Kiwi 'sea monster' sparks global media frenzy

The rotting remains of an orca washed ashore on Bay of Plenty beach is causing a global media frenzy after the giant carcass was dubbed a "sea monster''.

The carcass was found by a group of quad bikers and its jaw and teeth and parts of its body were still intact.

A Bay of Plenty resident with the YouTube name Elizabeth Ann filmed the creature on Pukehina Beach, south of Tauranga, late last month after stormy weather.

The video, which showed a partly decomposed carcass about 9m long with sizeable fins and a large jaw with only some jagged teeth still attached, has been viewed and shared all over the world.

The Daily Mail called the decaying mass a "mysterious 30 foot long rotting sea monster with huge teeth''.

The New York Daily News described it as "monster from the deep'' and asked: "Is this a sea monster from the darkest depths of the ocean?"

Other outlets publishing the tale were The Sun, Science World Report, TopNews Arab Emirates, International Business Times, and Huffington Post.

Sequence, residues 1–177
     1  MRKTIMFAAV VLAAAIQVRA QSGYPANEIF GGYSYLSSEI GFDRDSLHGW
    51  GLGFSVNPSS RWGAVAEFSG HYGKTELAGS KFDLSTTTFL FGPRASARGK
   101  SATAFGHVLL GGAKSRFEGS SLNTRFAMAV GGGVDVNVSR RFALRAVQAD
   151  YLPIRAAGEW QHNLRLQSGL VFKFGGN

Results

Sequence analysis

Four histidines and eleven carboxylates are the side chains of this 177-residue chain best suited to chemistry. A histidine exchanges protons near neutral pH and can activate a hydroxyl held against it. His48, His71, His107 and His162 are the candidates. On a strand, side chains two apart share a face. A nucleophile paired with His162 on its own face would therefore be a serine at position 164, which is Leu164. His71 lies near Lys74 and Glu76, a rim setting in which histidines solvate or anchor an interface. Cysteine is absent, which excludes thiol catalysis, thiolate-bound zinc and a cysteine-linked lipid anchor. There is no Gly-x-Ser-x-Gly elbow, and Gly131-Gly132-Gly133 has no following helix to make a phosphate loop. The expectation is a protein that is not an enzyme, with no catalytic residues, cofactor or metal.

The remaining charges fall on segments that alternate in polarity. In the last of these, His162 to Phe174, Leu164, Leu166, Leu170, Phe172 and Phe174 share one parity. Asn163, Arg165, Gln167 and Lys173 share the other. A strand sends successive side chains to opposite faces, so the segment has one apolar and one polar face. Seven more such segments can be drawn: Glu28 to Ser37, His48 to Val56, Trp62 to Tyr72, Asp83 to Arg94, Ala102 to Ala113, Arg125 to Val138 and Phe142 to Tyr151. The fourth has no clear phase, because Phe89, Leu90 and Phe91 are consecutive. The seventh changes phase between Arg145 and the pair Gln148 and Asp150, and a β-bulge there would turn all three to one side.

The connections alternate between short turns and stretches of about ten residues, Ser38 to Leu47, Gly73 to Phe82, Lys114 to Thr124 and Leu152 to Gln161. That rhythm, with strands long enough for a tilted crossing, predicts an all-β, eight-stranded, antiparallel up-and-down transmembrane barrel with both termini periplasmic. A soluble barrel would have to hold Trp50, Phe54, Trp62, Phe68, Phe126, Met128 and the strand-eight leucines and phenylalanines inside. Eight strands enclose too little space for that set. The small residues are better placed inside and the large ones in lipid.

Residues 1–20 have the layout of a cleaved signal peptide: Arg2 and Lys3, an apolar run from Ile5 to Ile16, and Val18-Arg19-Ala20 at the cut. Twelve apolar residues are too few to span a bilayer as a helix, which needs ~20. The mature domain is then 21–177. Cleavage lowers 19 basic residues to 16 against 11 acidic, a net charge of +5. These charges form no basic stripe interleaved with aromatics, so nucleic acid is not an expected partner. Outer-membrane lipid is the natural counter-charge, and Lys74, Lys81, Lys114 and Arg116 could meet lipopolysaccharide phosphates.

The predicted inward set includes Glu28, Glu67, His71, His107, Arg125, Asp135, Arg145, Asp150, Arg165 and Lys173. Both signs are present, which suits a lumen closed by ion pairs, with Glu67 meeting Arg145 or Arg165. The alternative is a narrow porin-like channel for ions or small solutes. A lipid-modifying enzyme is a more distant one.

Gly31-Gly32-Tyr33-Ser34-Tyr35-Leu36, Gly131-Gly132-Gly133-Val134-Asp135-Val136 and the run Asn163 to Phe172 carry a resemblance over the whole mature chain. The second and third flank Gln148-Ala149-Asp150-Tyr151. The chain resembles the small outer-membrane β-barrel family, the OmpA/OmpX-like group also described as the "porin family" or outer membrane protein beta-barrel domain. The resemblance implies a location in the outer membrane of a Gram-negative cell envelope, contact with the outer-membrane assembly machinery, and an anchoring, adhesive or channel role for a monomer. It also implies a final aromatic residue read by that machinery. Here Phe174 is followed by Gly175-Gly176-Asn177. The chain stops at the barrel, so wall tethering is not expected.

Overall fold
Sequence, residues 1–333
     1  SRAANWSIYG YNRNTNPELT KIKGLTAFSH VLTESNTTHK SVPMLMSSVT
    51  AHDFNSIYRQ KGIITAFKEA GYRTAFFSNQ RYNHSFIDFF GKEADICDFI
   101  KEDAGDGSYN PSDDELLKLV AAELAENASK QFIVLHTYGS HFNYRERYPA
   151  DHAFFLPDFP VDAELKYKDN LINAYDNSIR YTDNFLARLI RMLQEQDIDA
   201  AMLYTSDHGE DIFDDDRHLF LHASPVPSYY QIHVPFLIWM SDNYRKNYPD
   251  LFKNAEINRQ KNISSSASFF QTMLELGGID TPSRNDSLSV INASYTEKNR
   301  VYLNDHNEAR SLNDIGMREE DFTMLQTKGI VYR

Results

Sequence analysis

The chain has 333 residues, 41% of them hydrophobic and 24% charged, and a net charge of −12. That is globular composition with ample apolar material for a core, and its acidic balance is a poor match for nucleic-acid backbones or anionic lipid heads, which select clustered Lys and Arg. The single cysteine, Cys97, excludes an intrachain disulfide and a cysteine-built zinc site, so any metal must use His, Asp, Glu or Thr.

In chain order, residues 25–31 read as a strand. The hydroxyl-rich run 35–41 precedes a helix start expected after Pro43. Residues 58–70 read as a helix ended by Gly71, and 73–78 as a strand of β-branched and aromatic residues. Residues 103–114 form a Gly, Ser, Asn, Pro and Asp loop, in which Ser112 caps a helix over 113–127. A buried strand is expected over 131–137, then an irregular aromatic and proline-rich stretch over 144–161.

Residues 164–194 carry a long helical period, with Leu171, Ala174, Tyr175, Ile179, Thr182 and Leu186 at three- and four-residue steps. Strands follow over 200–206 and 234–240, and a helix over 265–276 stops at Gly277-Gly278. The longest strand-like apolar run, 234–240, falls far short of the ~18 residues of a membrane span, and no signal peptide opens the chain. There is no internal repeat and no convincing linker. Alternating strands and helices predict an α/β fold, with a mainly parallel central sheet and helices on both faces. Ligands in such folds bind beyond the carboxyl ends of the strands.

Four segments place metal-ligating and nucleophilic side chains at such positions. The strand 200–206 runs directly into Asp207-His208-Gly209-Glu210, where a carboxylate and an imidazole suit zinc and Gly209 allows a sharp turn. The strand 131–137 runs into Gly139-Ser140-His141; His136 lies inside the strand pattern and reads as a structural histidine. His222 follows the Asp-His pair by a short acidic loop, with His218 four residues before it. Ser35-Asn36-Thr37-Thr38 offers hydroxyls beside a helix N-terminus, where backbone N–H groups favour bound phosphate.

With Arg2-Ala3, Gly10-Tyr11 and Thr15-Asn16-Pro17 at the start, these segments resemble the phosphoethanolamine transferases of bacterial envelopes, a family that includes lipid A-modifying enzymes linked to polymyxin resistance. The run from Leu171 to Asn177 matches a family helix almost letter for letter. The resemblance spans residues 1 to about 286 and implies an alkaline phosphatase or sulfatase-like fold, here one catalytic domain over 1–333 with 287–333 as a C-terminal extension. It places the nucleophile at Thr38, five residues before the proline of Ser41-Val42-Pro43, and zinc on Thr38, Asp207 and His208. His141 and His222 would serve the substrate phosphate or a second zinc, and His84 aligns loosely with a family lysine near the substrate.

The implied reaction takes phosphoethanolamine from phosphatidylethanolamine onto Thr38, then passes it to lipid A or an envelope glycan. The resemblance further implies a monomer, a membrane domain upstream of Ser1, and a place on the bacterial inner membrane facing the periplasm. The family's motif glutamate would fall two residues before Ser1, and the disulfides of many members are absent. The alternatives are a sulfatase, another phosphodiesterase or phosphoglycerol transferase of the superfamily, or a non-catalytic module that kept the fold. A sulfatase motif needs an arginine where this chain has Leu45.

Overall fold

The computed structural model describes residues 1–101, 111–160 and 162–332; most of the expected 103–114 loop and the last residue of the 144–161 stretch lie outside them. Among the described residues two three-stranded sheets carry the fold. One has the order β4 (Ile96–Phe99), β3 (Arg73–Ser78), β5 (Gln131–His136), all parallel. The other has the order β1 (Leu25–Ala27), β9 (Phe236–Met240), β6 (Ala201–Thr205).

The caption posted with the video asked viewer to help identify the remains, describing it as having "a huge head and teeth with
rudimentary flippers''.

"It seems about 9m in length but the lower part of the body is probably mainly entrails from an attack.''

Experts quoted in the stories guessed the carcass to be anything from a saltwater crocodile, giant moray eel, or a dinosaur, before a number of marine scientists said the tell-tale fin was that of an orca whale.

Marine mammal expert Anton van Helden was sent the footage by someone at Auckland University. He said it appeared to be an orca.

"The video pans over the flipper and it is a flat paddle shape which is diagnostic of the killer whale.''

Mr van Helden said the dead whale might have been out at sea for some time before being washed up on the beach.

"It is very typical for whales of different shapes and sizes to wash up on beaches around New Zealand,'' he said.

He said anyone who came across whale carcasses needed to report it to the Department of Conservation.

"They are the Crown authority in these cases and they will determine if the carcass needs top go to scientists or tangata whenua.''

He understood the remains had since been washed back out to sea.

Orca are common in most oceans and frequent New Zealand coastlines.

- by Morgan Tait of the New Zealand Herald

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